CategoryMiscleaneous

The Music of time No 5: The Din of Battle

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Having recently signed a peace agreement with the Swiss Confederation, he was looking forward to a day of rest Finding it almost impossible to resist the relentless force of this rag-tag army, Francis’ men began to lose faith After riding into Milan in triumph a few weeks later, he had a medal struck with the legend Vici ab uno Caesare victos (‘I have defeated those defeated by Caesar alone’);...

Desolation Row: Victorian Britain’s Sensational Slums

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Several prominent writers wrote about the urban slum during this period, including Jacob Riis, George Sims, Margaret Harkness, Arthur Morrison and Jack London The shift from agricultural to industrial labour saw people move to urban areas where cheap housing, designed to be fairly short-term, was built on land under short leases to accommodate them ‘Slum tourism’ developed, where members of...

A Simpler Time …

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One is making a collection of ‘true knights’ throughout history – men who exemplify her ideal of chivalric perfection, from Alfred the Great to Philip Sidney These girls find their own way to a critical approach, balancing the impulse to hero worship or to condemn with an understanding of historical context and how ideas change over time The simpler instinct, though, never goes out of fashion:...

Catalonia, Spain’s Biggest Problem

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For casual observers of Spain, the recent events in Catalonia might seem to have suddenly appeared as a fully formed major political issue Political centralisation from Madrid continued: the Catalan language was increasingly subject to a range of restrictions beginning in 1677 It meant that Spain would henceforth follow the centralising French state tradition, which aimed to gradually erode...

The Man Who Would Be King or Vicar

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In 1791 Naimbana sent his son, Prince John Frederic, on a reverse journey to receive a western education under Sharp’s guardianship He had sent one of his other sons to France and offered another to Islamic scholars It was Naimbana’s intention that Prince Frederic would return home and lead his people with knowledge from the West After arriving in England, Frederic proved a diligent student...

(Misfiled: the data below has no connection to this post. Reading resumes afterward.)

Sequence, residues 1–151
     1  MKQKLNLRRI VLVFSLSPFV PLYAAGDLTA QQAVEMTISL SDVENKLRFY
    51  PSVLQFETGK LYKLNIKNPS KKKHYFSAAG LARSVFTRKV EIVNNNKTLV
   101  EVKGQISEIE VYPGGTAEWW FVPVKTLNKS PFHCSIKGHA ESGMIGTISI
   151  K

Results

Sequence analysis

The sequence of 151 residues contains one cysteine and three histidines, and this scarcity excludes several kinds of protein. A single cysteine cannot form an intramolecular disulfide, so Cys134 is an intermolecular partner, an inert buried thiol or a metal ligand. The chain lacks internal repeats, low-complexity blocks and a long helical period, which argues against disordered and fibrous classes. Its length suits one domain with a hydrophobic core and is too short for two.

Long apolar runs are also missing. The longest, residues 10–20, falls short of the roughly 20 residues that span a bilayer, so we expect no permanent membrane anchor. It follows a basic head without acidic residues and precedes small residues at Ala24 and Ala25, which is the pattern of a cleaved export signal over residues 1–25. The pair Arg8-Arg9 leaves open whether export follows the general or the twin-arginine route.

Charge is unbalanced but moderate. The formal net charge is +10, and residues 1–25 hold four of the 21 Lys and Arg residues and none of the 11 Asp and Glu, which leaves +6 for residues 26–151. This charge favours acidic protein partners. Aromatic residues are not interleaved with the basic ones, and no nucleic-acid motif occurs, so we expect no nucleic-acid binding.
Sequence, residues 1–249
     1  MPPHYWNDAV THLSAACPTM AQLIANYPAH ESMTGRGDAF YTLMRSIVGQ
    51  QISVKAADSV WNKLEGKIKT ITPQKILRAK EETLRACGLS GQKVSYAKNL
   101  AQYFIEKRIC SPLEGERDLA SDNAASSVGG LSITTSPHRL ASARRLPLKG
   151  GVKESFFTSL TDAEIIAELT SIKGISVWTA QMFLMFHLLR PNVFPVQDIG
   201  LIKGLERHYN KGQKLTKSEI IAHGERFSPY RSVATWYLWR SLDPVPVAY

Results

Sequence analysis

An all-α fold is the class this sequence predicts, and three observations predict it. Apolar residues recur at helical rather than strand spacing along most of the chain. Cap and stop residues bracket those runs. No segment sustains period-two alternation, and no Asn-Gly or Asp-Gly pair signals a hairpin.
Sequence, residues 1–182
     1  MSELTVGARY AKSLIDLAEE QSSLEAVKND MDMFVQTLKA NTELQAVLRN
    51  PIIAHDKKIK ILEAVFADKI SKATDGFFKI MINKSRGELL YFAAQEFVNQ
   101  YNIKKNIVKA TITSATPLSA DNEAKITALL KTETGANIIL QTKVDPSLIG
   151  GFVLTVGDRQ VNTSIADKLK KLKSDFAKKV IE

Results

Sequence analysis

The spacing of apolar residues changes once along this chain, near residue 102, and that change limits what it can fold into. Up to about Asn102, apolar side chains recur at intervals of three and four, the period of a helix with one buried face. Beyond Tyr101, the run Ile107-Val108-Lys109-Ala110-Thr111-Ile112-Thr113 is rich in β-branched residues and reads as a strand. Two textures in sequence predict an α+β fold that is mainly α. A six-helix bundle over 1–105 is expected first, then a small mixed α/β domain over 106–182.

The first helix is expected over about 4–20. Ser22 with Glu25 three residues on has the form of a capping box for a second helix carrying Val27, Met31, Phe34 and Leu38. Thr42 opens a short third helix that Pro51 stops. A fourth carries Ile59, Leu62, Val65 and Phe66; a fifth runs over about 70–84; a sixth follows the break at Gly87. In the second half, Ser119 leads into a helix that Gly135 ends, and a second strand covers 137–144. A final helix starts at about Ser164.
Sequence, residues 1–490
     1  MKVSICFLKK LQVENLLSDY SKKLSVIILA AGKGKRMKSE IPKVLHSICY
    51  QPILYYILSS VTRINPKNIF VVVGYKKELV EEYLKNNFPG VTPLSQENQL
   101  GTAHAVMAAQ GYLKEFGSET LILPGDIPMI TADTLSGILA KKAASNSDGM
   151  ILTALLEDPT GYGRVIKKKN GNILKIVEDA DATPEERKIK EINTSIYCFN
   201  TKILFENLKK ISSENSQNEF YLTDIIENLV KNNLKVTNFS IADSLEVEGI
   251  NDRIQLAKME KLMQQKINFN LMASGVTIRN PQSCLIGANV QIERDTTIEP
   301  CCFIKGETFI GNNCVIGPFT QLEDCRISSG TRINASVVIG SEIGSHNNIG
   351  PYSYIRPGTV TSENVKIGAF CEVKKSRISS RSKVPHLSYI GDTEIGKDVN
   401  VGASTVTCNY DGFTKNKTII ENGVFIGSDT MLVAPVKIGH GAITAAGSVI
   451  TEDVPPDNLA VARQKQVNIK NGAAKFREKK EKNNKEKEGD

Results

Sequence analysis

Filming the Biblical City

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Among these students were three who would become very familiar with biblical Lachish: James Leslie Starkey, Olga Tufnell and Gerald Lankester Harding In autumn 1932, Starkey, Tufnell and Harding left (or, perhaps, their archives suggest, escaped) the Petries’ fold They found their own patrons and established themselves at Tell ed-Duweir, which Starkey had identified as a potentially fruitful site...

Dorothy Lawrence

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Disguised as a British private, she worked for ten days as a sapper before surrendering herself, aware of the risk she posed both to herself and her confidantes High Command was acutely embarrassed that a teenage woman had simply cycled to the front At Calais, six generals and 20 other officers took turns interrogating her Following an attempted escape, some assumed she was a spy Others were sure...

Good Health as the First Line of Defence

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Fighting Fit: The Wartime Battle for Britain’s Health Laura Dawes Weidenfeld & Nicolson304pp £999 This study begins in 1939 with the threat to Atlantic convoys, dealing with issues of diet and rationing (‘The stomach for war’) It ends in 1947 when Regulation 33B, which had been introduced in 1942 to help control the spread of venereal disease, was repealed just as the National Health Service Act...

Pompey the Great

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Triumvir Gnaeus Pompeius Magnus, usually known as Pompey the Great, was the son of a Roman arriviste ‘New Man’, Gnaeus Pompeius, known less flatteringly as Pompeius Strabo – Pompey the Cross-Eyed His early career was marked out by good fortune Having inherited his father’s estate and the devotion of his legions at the age of just 20, he found himself on trial for his father’s alleged crimes of...

Nominations for the Longman-History Today Awards 2018

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Everything you need to know about entering this year's prize The Longman- History Today book prize is open to an author’s first or second book, written in English, on any aspect of history, published during the year 1 October 2016 to 31 September 2017 The winning book, which receives an award of £2,000, will display innovative research and interpretation in its field and will have contributed...

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